On April 20, NPR’s Morning Edition broadcast an interview with Phillip Merideth, “a forensic psychiatrist and the chief medical office for Brentwood Behavioral Healthcare in Mississippi [and] a lawyer who teaches about mental health and the law.” According to Dr. Merideth, “[p]sychiatric literature in the past has shown that efforts to predict — and I’m using the word predict in quotes — is no better than flipping a coin,” Merideth says.
One wonders what Dr. Merideth knows about coins and probability, since he also says “you can predict who is at risk of committing violence. But you can’t actually say who will.” So which is it? Predictions based on flipping a coin are totally worthless. They bear no relationship to the actual risk. Are the psychiatric predictions equally worthless — or are they at least slightly informative? You cannot have it both ways. Either risks can be identified or they cannot be. If they can be, the question then becomes how much better mental health professionals do than coins.
The issue confused Justice Blackmun in Barefoot v. Estelle, 463 U.S. 880 (1983). Quoting Ennis & Litwack, Psychiatry and the Presumption of Expertise: Flipping Coins in the Courtroom, 62 Calif. L. Rev. 693, 737 (1974), his dissenting opinion insisted that “[i]t is inconceivable that a judgment could be considered an `expert’ judgment when it is less accurate than the flip of a coin.” Consistently less accurate? A few seconds of reflection should reveal that this is impossible. How can anything be less accurate than flipping a coin?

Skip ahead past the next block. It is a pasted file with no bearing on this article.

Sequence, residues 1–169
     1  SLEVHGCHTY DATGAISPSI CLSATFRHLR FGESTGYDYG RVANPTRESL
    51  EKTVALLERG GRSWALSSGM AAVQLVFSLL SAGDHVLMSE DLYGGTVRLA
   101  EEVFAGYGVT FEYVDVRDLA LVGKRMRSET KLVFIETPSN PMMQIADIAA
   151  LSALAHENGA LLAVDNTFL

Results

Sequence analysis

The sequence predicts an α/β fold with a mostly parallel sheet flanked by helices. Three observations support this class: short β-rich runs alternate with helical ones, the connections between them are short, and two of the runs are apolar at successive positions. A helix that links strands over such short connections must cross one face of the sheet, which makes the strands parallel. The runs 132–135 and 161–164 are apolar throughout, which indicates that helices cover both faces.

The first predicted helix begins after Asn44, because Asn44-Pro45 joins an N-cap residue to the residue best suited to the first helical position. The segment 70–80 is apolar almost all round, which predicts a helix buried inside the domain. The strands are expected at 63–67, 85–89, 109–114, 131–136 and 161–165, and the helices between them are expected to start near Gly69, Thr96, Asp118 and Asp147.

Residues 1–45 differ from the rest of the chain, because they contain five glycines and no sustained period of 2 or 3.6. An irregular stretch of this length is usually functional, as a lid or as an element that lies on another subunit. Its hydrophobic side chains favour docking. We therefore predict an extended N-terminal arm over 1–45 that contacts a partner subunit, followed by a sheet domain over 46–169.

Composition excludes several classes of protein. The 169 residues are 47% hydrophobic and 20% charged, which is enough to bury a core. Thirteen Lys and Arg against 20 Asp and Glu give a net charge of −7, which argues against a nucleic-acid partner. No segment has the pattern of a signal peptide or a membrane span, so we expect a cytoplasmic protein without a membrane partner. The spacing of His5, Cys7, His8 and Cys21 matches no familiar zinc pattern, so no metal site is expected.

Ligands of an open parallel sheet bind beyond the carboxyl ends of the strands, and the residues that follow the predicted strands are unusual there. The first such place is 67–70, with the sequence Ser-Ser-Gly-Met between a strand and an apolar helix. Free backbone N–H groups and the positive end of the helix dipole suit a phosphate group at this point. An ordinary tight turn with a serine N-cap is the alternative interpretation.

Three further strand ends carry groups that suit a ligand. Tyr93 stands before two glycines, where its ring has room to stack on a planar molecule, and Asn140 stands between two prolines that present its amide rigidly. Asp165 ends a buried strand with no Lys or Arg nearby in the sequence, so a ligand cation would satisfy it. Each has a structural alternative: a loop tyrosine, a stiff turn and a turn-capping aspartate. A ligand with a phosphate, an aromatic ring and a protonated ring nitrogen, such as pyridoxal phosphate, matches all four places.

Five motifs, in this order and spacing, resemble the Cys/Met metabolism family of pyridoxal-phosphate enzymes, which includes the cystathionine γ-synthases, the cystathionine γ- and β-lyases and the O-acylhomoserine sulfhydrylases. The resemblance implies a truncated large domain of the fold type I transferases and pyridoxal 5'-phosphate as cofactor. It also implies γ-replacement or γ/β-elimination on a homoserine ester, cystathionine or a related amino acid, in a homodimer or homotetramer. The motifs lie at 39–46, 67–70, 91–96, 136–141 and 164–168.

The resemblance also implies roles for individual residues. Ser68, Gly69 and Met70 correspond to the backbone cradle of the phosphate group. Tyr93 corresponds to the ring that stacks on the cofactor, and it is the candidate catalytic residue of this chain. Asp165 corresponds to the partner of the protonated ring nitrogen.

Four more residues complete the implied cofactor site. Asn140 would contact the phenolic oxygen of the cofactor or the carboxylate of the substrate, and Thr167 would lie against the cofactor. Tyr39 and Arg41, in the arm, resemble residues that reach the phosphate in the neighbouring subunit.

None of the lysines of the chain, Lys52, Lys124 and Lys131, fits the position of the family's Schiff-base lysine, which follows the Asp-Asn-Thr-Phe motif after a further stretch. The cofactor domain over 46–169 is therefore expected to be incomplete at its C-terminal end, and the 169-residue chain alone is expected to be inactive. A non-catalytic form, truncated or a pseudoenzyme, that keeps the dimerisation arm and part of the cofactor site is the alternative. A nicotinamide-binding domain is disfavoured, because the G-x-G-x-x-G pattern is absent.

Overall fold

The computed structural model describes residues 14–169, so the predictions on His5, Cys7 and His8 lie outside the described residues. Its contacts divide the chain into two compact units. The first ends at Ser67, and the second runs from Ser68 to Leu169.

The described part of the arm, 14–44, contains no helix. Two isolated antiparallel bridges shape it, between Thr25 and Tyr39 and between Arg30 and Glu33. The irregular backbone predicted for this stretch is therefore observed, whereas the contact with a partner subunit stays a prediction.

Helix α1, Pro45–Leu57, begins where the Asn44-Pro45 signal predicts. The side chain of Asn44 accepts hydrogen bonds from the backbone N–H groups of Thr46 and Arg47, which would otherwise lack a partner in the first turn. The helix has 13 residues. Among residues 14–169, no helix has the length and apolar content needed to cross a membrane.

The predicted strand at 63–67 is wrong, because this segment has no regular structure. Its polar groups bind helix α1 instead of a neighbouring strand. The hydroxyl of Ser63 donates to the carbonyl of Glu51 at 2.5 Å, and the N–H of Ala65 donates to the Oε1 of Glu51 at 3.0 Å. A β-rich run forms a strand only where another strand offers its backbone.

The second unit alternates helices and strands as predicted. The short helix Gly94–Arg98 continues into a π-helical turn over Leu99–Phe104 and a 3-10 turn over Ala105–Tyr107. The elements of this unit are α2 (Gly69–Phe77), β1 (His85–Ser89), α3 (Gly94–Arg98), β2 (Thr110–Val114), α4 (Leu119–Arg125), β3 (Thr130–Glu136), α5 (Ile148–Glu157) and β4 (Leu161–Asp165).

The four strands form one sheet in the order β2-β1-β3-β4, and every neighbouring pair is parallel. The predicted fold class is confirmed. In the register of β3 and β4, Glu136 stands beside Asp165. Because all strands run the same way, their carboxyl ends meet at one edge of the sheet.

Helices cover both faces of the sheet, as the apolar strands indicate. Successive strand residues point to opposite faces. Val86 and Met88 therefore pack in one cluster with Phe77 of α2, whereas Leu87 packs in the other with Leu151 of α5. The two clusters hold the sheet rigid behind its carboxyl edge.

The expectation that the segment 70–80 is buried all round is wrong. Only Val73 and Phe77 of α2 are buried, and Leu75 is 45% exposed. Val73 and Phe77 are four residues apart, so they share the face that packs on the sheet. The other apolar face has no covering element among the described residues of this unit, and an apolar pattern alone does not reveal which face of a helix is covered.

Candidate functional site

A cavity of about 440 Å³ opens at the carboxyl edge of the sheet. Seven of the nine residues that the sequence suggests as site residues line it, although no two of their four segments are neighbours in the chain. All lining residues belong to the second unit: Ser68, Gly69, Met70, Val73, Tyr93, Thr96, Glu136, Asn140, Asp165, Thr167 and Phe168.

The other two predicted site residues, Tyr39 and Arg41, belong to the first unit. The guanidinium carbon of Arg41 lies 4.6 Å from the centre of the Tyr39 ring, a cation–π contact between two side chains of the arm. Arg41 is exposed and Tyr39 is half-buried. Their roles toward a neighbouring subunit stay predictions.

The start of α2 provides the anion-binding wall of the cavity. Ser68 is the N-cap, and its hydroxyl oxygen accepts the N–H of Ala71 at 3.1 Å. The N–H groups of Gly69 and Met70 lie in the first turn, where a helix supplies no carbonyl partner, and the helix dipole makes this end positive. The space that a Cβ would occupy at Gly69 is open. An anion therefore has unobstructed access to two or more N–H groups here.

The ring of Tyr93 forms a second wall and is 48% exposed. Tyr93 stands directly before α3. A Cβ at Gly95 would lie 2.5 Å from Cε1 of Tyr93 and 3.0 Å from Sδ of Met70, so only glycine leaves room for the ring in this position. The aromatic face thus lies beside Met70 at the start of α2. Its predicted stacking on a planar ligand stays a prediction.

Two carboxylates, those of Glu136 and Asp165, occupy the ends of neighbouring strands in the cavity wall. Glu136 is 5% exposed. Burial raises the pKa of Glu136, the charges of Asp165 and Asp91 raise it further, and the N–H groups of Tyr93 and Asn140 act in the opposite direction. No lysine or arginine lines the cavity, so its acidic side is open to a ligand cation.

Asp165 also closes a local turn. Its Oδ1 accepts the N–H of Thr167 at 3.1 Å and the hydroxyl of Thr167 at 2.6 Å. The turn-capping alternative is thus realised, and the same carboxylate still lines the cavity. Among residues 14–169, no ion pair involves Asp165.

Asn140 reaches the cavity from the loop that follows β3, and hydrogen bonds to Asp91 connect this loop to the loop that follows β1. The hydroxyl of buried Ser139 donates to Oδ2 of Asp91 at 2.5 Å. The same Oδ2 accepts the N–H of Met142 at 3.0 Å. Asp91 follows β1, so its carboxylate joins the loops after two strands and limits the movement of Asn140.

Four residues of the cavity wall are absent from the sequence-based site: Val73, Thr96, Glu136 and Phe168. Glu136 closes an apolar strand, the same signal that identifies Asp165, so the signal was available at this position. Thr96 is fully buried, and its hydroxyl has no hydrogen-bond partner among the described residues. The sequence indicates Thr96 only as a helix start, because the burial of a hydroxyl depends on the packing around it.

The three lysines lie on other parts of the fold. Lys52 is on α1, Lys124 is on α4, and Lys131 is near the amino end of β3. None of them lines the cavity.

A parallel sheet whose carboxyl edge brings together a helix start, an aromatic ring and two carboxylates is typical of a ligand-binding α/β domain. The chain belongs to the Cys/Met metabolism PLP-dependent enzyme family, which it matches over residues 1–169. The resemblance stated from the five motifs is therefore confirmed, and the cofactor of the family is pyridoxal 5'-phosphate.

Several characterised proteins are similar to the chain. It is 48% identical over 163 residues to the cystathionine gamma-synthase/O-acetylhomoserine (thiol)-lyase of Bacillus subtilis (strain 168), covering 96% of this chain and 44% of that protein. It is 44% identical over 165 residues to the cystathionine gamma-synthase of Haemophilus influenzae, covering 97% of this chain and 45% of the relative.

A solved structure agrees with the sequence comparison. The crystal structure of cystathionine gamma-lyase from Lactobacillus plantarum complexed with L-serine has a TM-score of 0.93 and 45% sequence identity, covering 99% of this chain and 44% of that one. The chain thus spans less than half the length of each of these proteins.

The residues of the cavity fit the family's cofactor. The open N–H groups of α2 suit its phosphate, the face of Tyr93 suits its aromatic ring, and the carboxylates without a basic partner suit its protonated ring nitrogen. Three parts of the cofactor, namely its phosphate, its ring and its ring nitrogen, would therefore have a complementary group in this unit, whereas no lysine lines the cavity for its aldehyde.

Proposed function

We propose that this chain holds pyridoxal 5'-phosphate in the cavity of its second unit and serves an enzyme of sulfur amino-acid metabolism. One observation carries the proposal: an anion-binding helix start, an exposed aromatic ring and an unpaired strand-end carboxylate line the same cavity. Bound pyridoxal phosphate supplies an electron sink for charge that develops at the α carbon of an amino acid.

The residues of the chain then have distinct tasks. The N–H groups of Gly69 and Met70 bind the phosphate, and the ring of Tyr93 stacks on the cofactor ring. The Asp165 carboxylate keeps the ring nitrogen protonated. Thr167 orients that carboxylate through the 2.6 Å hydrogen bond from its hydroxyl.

The studies cited in the American Psychiatric Association’s amicus brief in Barefoot actually demonstrate that the best predictions of mental health experts at the time were substantially better than coin tossing (a likelhihood ratio of about 8 rather than 1). See, e.g., Chrisopher Slobogin, Dangerousness and Expertise, 133 U.Pa. L. Rev. 97 (1984).
Of course, I am not arguing that psychiatric predictions are extremely accurate. In general, they are not. My point is simply that Dr. Meredith’s statements about coins and pyschiatry are plainly false, and that debates over mental health law should be informed by more accurate information. Such information was provided to a different NPR program Talk of the Nation, just two days ago. John Monahan, Professor of Law and Professor of Psychology and Psychiatric Medicine at the University of Virginia Law School, pointed out that although “[i]t’s been know for a very long time that psychologists and psychiatrists are not very good at predicting violence, … they are better than chance.” They may not be “very much better than chance,” but “in recent years the science has improved considerably.” The bottom line is that “our crystal balls are very murky, and we have a long way to go.”